The NUS-USI is to be congratulated on its campaign to maintain the EMA (Educational Maintenance Allowance) in some form, and in a form which seems more generous than its equivalent in Wales (it was scrapped three years ago in England).
Nevertheless, I cannot get away from the sense, following on from yesterday’s blog, that this is yet another administratively complex blunt instrument designed to plug a hole which should not be there in the first place. In addition, it is yet another benefit available in Northern Ireland but not in England – whose taxpayers subsidise it and where student fees are nearly three times as high. How long can that type of thing be allowed to continue before the Kingdom becomes utterly Disunited?
Firstly, as noted yesterday, MLAs too quickly become “public spending salesmen” – unsurprisingly when the main groups they come into contact with are lobby groups calling for more spending (unlike in England, these are not countered by think tanks demanding more efficiency). It is easy to support EMA, and very difficult to oppose it. That does not make supporting it right and opposing it wrong, however.
Secondly, studies showed conclusively that two thirds of students in receipt of EMA would have studied anyway without it – entirely defeating the point. There is no reason the hard-pressed taxpayer should be subsidising booze. There was no justification for the previously existing system, and we should perhaps be thankful for any amendment, even if its efficiency remains somewhat doubtful.
Thirdly, we do continue with this obsession (shared by Thatcherites and Blairites, like so many things) about getting people to University, or at least keeping them in further education, on the assumption this is a good thing. This cannot continue to go unchallenged. Of the 4 million people who have never worked in the UK, half are students (and another quarter are full-time carers). Is 2 million a figure we can really afford, when so many of the people who are in work are in employment entirely unrelated to their degree course? Whatever happened to apprenticeships and work experience, even internships?!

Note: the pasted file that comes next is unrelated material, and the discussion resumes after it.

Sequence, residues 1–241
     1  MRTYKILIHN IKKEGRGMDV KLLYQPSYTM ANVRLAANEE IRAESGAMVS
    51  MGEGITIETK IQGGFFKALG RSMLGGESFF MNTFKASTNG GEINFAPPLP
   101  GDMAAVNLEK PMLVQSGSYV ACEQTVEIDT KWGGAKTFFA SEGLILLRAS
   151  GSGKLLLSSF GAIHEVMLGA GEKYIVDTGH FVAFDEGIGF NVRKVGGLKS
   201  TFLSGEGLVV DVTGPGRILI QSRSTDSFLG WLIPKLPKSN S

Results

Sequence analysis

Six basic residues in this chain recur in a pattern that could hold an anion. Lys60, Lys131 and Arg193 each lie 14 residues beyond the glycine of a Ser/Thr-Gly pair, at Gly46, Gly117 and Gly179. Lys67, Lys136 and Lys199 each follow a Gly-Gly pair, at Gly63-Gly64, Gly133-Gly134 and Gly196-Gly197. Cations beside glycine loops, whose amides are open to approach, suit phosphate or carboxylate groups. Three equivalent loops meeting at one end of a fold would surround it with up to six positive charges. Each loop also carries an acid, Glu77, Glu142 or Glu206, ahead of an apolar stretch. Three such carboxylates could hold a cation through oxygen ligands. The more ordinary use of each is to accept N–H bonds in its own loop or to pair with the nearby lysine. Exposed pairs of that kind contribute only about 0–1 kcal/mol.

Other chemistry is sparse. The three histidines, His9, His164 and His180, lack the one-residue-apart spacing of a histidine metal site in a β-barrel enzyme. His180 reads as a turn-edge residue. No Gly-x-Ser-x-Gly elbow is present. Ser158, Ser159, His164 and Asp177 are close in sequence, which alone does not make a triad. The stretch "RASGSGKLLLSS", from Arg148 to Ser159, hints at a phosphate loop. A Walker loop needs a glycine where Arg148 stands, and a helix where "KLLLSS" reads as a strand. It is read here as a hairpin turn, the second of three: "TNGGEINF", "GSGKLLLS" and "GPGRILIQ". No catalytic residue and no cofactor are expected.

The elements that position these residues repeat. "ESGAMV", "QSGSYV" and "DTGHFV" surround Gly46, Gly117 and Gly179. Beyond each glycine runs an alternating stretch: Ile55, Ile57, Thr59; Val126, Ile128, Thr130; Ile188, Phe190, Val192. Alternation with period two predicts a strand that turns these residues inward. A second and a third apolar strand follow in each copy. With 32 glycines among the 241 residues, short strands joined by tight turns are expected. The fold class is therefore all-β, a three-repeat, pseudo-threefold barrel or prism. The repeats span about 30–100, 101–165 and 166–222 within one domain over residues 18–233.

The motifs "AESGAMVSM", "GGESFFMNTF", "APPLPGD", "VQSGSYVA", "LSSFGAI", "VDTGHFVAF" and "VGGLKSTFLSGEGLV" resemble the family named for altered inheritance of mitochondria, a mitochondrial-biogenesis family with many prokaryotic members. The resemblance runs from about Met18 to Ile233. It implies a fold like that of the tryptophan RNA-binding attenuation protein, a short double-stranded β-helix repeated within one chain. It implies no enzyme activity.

Finally, there is the ongoing issue of people in Northern Ireland enjoying benefits which are not enjoyed in England – and yet paid for in subsidy by the people who live there. This is becoming an increasing area of popular disenchantment in England, not least in trying economic times. People who value the UK, for whatever reason, would need to be very careful just how far they push that one. We are the lowest taxed region in the UK – and also the one with the highest public spending per head. We needn’t think the rest of the UK hasn’t noticed.
I have long pointed out that failing to apply water charges merely delays the inevitable, as the infrastructure needs an upgrade and that upgrade will have to be paid for; and in any case, the Treasury is not going to put up with people in England subsidising people in Northern Ireland so they do not have to pay extra for things people in England do pay extra for. I cannot help but think frozen tuition fees and a generous EMA settlement go alongside free prescriptions, rates freezes above 400k and free peak-time free public transport at age 60 in the same category.
It is time we were honest about our finances and about our giveaways. But then, I suppose, since when did honesty get you elected?!